Work continues to bring the first EBT steam locomotive back into service

EBT Plymouth Switch No. M-4 stands ready to push 2-8-2 Steam Engine No. 16 into stall 6 of the Rockhill Furnace Roundhouse, Pa., Aug. 12, 2022. (Dan Cupper)

ROCKHILL FURNACE, Pa. — Work continues on preparing East Broad Top Type 2-8-2 Engine No. 16 (Baldwin, 1916) for return to active service.

The narrow gauge railroad, a National Historic Landmark, last used steam in 2011, just before the shutdown that froze the 33-mile railroad for more than eight years. In 2020, a new non-profit group, the EBT Inc. Foundation, was formed to purchase the property from its previous owner, the Kovalchick Salvage Co. of Indiana, Pennsylvania.

While four of the six Baldwin 2-8-2 Mikados on the property (Nos. 12, 14, 15 and 17) were in service during the tourist era 1960-2011, it was No. 15 that closed operations steam – and regularly scheduled passenger service. After that, EBT organized a few road trips for Friends of the East Broad Top, but steam was over. When the foundation took over in 2020, it resumed tourist service with a diesel-electric central cabin switch, General Electric No. M-7, while planning to bring back steam.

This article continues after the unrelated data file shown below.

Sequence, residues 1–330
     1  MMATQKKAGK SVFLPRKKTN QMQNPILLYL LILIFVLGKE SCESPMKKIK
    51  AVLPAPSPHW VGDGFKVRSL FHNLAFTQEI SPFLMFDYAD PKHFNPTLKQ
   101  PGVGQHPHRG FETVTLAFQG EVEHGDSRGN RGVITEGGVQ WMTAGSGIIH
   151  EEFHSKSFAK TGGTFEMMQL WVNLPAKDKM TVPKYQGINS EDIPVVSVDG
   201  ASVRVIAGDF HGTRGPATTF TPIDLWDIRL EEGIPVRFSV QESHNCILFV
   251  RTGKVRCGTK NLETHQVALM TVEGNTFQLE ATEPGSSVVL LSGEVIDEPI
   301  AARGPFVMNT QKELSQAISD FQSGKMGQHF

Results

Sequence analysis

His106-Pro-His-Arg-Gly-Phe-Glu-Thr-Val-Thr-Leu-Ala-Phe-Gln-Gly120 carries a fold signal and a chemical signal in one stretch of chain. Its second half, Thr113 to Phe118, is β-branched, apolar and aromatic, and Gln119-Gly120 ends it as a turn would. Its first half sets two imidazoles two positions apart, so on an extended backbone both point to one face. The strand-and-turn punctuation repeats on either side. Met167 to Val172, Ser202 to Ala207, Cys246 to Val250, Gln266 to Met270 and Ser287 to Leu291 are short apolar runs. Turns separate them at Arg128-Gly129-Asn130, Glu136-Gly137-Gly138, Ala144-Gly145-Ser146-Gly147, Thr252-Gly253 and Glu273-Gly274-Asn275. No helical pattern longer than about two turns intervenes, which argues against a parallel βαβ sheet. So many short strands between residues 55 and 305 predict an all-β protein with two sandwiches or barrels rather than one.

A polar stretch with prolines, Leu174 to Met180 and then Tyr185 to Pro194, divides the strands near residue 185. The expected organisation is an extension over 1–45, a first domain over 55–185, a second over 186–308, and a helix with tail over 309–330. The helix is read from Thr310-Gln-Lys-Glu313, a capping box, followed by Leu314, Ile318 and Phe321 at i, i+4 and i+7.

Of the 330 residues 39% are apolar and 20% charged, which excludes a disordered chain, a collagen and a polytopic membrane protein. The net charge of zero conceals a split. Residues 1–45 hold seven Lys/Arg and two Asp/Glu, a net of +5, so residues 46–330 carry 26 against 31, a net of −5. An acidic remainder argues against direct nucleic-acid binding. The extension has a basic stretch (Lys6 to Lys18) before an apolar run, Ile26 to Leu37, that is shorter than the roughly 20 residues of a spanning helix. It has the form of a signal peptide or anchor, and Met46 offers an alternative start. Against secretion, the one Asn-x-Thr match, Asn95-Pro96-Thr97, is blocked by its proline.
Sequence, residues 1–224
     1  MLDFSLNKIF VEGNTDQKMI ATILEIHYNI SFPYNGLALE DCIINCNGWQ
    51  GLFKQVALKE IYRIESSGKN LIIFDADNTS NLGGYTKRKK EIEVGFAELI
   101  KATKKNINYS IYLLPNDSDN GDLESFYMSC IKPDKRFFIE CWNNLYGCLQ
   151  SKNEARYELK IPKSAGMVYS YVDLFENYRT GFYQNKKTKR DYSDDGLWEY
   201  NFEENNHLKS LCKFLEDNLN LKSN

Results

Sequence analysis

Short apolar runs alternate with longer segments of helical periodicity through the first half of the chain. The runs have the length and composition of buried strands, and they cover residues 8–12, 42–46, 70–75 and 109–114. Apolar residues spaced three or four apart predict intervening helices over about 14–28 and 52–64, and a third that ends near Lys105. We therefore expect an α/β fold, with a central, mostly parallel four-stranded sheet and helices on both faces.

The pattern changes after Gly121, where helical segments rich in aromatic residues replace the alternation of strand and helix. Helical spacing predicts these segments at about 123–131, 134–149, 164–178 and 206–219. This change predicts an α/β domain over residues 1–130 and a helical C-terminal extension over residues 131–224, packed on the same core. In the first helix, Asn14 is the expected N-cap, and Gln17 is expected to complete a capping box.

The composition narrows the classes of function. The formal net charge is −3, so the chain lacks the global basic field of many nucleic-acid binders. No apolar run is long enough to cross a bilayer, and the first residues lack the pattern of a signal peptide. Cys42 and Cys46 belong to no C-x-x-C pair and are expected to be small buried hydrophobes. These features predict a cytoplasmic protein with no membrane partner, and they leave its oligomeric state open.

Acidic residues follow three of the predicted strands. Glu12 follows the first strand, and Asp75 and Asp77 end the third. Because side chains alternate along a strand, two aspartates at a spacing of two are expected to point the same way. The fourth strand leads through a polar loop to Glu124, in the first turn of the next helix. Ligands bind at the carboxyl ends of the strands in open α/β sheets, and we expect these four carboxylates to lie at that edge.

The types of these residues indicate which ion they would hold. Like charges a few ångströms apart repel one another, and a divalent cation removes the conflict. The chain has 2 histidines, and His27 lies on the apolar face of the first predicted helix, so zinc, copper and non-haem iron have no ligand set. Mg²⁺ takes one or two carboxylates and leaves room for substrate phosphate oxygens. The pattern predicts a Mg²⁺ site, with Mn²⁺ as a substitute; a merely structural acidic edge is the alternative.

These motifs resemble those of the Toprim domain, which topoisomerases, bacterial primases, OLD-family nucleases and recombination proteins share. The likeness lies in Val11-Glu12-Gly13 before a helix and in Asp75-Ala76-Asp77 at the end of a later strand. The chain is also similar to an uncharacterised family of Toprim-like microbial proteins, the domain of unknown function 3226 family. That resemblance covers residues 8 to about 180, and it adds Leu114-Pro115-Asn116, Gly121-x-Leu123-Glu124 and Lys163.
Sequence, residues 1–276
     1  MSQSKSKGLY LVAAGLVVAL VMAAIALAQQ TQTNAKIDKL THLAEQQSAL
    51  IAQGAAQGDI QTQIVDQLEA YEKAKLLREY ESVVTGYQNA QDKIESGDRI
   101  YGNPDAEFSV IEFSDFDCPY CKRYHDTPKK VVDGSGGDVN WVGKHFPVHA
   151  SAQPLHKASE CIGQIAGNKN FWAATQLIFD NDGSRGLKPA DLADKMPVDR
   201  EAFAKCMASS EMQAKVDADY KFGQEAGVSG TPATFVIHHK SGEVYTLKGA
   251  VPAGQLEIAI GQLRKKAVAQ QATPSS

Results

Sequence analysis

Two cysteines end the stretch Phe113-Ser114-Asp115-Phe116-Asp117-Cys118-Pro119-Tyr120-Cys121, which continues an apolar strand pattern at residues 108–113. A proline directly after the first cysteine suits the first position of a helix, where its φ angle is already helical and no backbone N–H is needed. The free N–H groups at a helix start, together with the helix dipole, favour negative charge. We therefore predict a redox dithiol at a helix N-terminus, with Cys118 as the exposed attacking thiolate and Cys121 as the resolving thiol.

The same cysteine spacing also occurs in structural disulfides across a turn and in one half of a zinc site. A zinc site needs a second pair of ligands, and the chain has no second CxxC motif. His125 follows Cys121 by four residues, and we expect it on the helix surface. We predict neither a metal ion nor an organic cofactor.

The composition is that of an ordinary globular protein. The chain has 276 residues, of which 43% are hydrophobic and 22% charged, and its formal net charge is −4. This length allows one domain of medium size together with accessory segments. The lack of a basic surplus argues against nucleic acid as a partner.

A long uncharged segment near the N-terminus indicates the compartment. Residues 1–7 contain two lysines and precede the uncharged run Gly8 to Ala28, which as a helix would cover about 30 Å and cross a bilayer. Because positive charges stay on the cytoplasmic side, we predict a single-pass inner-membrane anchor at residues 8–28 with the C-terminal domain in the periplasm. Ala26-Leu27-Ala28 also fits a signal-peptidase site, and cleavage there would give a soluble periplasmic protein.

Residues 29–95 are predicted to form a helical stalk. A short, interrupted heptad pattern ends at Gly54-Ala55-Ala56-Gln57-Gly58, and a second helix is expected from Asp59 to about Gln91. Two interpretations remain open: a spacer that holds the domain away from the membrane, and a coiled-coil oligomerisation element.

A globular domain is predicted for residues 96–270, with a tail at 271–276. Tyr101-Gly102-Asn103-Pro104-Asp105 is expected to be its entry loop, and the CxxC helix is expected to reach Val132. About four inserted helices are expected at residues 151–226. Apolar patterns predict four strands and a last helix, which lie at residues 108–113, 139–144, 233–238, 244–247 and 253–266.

Of the engines, No. 16 (1916) was deemed the best candidate for restoration – largely because it had not run since 1956 – and work began almost immediately.

EBT’s Mikados come in three sizes. No. 12 is the smallest and oldest (1911, 56 tons), while No. 14 and 15 are of medium size (1912 and 1914, 73-75 tons). Nos. 16 to 18 (built in 1916, 1918 and 1920) are the largest engines (81 to 82 tons). All three are equipped with superheaters, thermally efficient devices that preheat and dry the steam before releasing it into the cylinders to produce motion. Overheating is a rarity for narrow gauge engines, as most American narrow gauge railroads were declining or giving up by the time overheating became common in steam locomotive design in the early 20th century.